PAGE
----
Those characteristics of the person or of people generally that account for consistent patterns of behaviour. (Pervin, 1989)
 Personality is the set of psychological traits and mechanisms within the individual that are organised and relatively enduring and that influence his or her interactions with, and adaptations to, the environment (including the intrapsychic, physical and social environments). (Larsen & Buss, 2002)
It is clear that we are here dealing with a person’s make-up, whatever characteristics they have that make them what they are. It seems equally clear that although each of us is unique, as humans, we have general characteristics that set us apart from other species and some of the complexities involved in these characteristics are buried quite deeply and have causes that are frequently difficult to pin down. Pervin (1989), one of the pre-eminent personality researchers, puts it well when he suggests that the study of personality seeks to answer:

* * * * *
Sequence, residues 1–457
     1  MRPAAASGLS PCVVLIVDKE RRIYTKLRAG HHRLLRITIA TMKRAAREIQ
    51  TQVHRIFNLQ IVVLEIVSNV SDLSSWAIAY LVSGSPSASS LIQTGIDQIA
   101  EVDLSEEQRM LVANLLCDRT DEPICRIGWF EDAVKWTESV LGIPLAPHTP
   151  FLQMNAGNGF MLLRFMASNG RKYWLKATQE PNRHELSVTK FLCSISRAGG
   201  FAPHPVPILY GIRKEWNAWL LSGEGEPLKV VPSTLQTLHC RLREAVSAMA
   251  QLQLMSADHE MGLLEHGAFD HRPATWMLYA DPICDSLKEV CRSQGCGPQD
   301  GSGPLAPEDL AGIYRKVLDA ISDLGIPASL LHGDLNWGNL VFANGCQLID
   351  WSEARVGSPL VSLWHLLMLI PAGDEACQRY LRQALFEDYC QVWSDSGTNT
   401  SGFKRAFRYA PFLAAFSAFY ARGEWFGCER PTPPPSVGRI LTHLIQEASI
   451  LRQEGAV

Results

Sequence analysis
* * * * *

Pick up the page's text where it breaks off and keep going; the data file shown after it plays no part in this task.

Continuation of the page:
-What are people is like what are their characteristics?
-How do people become as they are? In particular, the question here is how do nature and nurture (heredity and environment) play their part?
- Why do people do what they do? This question about motivation.
*So, if you know that a friend or member of your family is more anxious than most people, you might want to fi nd out if the anxiety is typical of that person.How it came about, why it is being experienced now, and how and why the person behaves as he or she does when they are anxious*